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Track Your Happiness

Top 10 Ways to Beat a Bad Mood EXAMPLES 3 Little Tricks to Deal With People Who Offend You By Leo Babauta Something that we struggle with daily, that eats us up and causes stress and anger: annoying people. You know those people: they cut in line, are rude to you in the office or at the restaurant, cut you off in traffic, talk loudly about obnoxious things, play loud music when you’re trying to concentrate, interrupt you, and so on. These offenses are violations of the way you think people should act. If you just keep letting these offensive people get to you, you’ll always be mad or annoyed. I have to admit I’m not perfect at this, but here are three strategies I use that are helpful: Get Big. Try one of these three tricks the next time someone makes you mad or offends you.

58sec. Sunnie Toelle: The Happiness Tipping Point "I think it's here," Prof. Martin Seligman said as he made a blue dot only millimeters to the left of the tipping point on the diffusion of innovations graph I had sketched in my Moleskine notebook. Martin Seligman, the "father of positive psychology," had just lectured on Well-being at Work to over 500 business professionals at the Positive Business Forum in Milan. The origins of this growing phenomenon go back to what has popularly been called the "science of happiness" or, in more scholarly terms, Positive Psychology. Since the field's humble beginnings in the late '90s, it has seen considerable growth. As with several big, potentially game-changing ideas in the past 15 years -- think Facebook, Google and WordPress -- university students are at the forefront of their implementation. So might this indicate that Prof. On a policy level, happiness made its debut on the world stage on March 20, 2013, when the first official United Nations International Day of Happiness took place.

Possible developers Want to Know What Really Makes You Happy? Try Tracking It - H. James Wilson Throughout our careers and lives, the big decisions we have to make usually lead back to a single, overriding concern: What really makes me happy? Too often we try to answer these questions without knowing or understanding the real data from our lives. Our self-analysis devolves into speculation or wishful thinking. Over the past month or so, I’ve been collaborating with Harvard Business Review to develop a quick self-test to determine individual readiness for understanding your own data through the world of auto-analytics. Auto-analytics is a method of using new self-tracking tools to help answer key professional (and personal) questions: How do I boost my productivity? Am I in the right career? To get a sense of how auto-analytics can be used enrich our decision making, I recommend three distinct approaches: 1. Author Ashish Mukharji’s use of this method shows that we don’t have to be a professional philosophers or positive psychologists to think systematically about happiness. 2. 3.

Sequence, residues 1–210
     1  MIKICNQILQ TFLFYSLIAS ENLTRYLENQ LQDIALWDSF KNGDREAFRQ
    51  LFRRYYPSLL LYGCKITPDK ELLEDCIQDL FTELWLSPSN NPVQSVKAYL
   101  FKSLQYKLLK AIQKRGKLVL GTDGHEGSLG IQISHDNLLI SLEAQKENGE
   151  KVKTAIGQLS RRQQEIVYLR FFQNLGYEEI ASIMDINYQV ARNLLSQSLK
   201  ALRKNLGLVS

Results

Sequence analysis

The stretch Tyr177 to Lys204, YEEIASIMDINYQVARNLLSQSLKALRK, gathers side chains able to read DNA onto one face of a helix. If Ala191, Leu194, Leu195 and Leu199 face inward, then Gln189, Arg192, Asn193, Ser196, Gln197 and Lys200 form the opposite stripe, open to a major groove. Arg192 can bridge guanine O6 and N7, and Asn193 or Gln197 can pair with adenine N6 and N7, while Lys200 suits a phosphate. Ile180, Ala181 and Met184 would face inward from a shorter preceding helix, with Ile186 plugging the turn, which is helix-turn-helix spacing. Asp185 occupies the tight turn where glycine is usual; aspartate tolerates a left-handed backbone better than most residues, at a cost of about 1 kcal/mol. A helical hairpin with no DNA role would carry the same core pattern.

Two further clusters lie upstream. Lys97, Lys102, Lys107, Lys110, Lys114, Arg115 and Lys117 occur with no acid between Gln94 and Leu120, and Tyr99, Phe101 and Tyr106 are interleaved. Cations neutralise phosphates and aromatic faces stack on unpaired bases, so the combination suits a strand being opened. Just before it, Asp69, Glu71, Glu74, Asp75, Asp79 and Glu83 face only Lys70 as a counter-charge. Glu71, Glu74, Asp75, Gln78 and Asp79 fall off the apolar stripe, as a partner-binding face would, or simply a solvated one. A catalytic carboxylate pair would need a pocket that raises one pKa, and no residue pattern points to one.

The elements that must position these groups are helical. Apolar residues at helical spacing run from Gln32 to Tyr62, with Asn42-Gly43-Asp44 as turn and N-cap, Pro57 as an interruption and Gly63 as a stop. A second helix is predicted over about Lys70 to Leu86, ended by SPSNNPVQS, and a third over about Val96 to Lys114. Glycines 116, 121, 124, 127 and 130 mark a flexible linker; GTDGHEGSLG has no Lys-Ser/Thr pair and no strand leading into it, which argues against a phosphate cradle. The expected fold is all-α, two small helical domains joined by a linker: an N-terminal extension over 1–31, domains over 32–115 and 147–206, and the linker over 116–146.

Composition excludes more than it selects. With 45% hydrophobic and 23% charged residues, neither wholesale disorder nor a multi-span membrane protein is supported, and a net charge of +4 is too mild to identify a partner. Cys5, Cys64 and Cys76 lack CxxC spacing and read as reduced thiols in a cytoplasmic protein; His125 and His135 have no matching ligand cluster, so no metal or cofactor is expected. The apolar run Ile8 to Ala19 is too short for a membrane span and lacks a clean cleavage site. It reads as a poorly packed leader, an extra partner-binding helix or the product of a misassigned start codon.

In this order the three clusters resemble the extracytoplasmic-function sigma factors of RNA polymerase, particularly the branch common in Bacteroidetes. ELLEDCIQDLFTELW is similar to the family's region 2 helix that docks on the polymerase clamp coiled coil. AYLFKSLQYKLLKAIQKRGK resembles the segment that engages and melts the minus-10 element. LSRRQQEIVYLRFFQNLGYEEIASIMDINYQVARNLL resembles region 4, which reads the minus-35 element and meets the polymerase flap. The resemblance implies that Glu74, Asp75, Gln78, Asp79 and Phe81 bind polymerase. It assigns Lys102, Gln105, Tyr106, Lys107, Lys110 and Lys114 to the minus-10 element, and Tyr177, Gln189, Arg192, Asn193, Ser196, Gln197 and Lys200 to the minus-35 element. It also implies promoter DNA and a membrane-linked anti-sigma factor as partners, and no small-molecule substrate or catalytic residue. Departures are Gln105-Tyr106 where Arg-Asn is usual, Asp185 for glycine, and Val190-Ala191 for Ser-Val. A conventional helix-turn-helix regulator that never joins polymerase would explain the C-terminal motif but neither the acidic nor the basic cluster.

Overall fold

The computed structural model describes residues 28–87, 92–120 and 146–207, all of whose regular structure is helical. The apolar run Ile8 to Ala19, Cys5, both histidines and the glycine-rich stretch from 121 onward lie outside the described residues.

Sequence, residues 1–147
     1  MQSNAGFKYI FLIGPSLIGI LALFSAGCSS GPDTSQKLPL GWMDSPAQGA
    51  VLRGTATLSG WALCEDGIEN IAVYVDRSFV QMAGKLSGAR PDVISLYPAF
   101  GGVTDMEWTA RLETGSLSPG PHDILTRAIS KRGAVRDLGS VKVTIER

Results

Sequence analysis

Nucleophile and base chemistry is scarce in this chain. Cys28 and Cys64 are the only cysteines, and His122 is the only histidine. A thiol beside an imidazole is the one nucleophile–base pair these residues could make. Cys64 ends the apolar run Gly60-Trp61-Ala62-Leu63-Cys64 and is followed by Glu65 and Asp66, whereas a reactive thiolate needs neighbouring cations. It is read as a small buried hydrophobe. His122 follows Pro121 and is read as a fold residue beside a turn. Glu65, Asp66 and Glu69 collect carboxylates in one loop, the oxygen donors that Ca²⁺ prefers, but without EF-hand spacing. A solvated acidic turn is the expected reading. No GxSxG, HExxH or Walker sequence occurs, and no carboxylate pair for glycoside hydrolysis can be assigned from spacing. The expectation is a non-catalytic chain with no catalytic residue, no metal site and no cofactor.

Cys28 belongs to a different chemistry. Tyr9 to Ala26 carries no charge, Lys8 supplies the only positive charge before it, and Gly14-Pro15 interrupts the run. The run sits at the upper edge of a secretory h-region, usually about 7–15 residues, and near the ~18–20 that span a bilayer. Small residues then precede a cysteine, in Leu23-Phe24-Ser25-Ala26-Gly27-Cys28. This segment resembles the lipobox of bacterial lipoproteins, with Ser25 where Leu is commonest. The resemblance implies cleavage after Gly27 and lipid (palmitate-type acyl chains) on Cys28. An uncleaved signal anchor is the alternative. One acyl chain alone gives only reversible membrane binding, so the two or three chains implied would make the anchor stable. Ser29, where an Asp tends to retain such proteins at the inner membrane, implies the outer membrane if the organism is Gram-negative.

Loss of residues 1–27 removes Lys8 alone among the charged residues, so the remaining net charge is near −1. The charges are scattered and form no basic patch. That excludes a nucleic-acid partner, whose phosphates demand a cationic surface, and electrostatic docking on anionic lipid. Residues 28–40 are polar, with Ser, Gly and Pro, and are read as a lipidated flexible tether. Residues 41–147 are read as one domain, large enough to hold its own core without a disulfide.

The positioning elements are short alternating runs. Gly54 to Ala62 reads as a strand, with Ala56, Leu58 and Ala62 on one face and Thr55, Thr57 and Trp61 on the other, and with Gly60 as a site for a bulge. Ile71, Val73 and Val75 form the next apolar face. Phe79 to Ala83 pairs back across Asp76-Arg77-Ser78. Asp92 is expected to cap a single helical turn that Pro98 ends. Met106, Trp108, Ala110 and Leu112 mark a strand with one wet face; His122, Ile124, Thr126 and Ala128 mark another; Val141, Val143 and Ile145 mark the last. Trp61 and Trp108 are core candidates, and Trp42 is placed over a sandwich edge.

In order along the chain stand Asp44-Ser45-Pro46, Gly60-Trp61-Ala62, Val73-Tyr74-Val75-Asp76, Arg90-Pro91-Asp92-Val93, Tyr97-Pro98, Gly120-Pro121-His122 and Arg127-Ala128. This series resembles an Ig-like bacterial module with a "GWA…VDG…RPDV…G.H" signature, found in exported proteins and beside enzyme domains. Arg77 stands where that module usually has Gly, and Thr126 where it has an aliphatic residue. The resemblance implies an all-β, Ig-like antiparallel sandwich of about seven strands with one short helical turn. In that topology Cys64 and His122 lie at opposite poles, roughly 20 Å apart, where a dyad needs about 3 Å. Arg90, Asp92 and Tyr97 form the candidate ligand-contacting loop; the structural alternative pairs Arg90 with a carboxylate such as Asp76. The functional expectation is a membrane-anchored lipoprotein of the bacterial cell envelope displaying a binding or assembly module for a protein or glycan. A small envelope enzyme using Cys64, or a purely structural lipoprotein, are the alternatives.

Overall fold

How to Create an App for iPhone or Apple Without Any Coding Skills But if you’re really eager to make a mobile app based on your website, business, organization, or just a fun quiz game, a website called Buzztouch may well be the web-based solution for you. Buzztouch is essentially Content Management Software for iOS and Android. It provides a template-based process in which you import your app’s information into the online software, and in turn it will create the code that you need to compile the data for your application. I gave a try and it does work. How to Create an App – What You Need MUO has previously covered the steps on how to create a simple iPhone app and submit it iTunes. The tools Buzztouch provides are totally free. However, beyond Buzztouch, you will need a copy of Xcode on your Mac. Developing Your App Buzztouch provides some excellent video tutorials for developing your iPhone application. You start off the process by creating a name for your site. Next, you need to add a logo for your app. Compiling Code

A Life Worth Living: Albert Camus on Our Search for Meaning and Why Happiness Is Our Moral Obligation by Maria Popova Why “the demand for happiness and the patient quest for it” isn’t a luxury or a mere need but our existential duty. “To decide whether life is worth living is to answer the fundamental question of philosophy,” Albert Camus wrote in his 119-page philosophical essay The Myth of Sisyphus in 1942. “Everything else … is child’s play; we must first of all answer the question.” One of the most famous opening lines of the twentieth century captures one of humanity’s most enduring philosophical challenges — the impulse at the heart of Seneca’s meditations on life and Montaigne’s timeless essays and Maya Angelou’s reflections, and a wealth of human inquiry in between. But Camus, the second-youngest recipient of the Nobel Prize in Literature after Rudyard Kipling, addressed it with unparalleled courage of conviction and insight into the irreconcilable longings of the human spirit. If the question abides, it is because it is more than a matter of historical or biographical interest.

Their pitch: You can build your own app in about…

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